I think I would eliminate variables.
multiply the first equation by 2/3
multiply the second equation by 4
add the equations.
solve for abs(2-5x), you will have two solutions.
Then, put each of those solutions into the first equation, and solve for y.
Get a large blank pad on which to do this problem, and check it twice. You can finally check each solution by substitution into the second equation.
That's quite nasty for a test.
I would try the following, along the lines suggested by bobpursley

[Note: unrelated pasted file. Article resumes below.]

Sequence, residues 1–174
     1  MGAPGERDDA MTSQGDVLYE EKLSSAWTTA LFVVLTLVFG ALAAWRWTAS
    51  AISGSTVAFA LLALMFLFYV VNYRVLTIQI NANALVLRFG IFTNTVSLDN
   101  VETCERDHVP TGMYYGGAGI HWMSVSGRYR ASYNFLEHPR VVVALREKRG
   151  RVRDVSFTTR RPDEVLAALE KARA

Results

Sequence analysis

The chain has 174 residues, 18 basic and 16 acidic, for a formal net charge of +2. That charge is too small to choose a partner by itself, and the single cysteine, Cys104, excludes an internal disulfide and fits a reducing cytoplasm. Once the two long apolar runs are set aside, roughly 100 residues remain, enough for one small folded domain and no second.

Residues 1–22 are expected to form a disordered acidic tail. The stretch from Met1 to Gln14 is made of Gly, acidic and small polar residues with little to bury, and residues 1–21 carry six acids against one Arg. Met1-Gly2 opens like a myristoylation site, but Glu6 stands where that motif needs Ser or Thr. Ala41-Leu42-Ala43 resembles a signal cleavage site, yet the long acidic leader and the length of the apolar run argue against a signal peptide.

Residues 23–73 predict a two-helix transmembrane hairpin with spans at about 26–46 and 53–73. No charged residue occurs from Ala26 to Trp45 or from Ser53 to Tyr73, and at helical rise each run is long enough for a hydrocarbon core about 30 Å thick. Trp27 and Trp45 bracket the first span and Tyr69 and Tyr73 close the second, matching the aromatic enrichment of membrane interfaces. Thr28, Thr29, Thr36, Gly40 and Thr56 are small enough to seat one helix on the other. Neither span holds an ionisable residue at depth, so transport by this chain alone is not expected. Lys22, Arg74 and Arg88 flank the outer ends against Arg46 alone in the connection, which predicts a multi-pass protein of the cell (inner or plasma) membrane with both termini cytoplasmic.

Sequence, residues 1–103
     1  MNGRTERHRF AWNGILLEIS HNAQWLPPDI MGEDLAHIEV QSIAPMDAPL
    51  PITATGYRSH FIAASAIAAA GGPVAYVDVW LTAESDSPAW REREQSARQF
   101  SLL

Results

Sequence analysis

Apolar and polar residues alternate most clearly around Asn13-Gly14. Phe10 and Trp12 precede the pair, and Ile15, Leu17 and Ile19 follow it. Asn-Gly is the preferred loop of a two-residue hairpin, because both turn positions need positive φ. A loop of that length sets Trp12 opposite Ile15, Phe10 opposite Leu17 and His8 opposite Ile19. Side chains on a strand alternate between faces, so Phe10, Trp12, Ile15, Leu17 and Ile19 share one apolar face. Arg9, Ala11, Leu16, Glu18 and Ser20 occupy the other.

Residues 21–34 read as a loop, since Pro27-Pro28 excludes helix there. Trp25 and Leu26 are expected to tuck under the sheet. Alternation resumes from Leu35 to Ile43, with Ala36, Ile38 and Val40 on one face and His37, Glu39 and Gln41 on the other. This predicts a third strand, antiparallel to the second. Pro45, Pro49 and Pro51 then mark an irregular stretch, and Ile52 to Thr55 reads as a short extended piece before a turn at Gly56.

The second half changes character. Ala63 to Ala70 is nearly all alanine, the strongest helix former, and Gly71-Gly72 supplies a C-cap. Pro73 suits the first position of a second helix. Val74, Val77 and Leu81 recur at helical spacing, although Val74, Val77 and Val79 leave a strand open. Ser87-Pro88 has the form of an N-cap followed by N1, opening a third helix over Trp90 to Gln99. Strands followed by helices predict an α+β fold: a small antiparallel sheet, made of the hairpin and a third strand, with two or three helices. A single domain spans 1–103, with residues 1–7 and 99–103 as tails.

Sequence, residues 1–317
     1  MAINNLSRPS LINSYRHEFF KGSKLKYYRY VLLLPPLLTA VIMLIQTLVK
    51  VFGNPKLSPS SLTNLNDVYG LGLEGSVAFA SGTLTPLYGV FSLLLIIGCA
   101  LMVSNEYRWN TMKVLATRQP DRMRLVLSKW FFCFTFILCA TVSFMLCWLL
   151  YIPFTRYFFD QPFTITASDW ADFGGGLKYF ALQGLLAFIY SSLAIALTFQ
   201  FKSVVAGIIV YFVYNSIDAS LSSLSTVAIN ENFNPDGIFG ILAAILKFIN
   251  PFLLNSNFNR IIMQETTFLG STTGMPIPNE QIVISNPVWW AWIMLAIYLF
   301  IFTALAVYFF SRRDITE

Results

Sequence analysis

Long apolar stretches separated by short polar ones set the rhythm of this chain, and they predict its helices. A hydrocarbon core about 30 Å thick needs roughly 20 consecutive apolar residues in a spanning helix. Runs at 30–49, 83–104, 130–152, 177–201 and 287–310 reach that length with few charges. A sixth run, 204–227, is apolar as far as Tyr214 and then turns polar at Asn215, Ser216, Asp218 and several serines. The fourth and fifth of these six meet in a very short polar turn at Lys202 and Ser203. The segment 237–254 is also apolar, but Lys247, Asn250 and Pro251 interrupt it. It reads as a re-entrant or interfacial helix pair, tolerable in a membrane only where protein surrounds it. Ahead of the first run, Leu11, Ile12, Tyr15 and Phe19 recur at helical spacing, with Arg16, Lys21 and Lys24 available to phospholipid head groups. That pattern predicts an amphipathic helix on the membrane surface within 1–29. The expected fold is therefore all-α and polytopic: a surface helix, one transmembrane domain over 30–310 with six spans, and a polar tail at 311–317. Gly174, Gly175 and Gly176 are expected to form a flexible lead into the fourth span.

multiply the first by 2
18/|2-5x| - 8/(y^2-3y) = 10
multiply the second by 9
18/|2-5x| + 6/(y^2-3y) = 3
-14/(y^2-3y) = 7
7y^2 - 21y + 14 = 0
y^2 - 3y + 2 = 0
(y-2)(y-1) = 0
y = 2 or y = 1
I will do the y=2
If y = 2 , then
9/|2-5x| - 4/-2 = 5
9/|2-5x| = 3
3/|2-5x| = 1
|2-5x| = 3
-5x = 1
x = -1/5
-2 + 5x = 3
5x = 5
x = 1
so two pairs from that part:
(1,2) and (-1/5, 2)
you do the other two solutions, using y = 1
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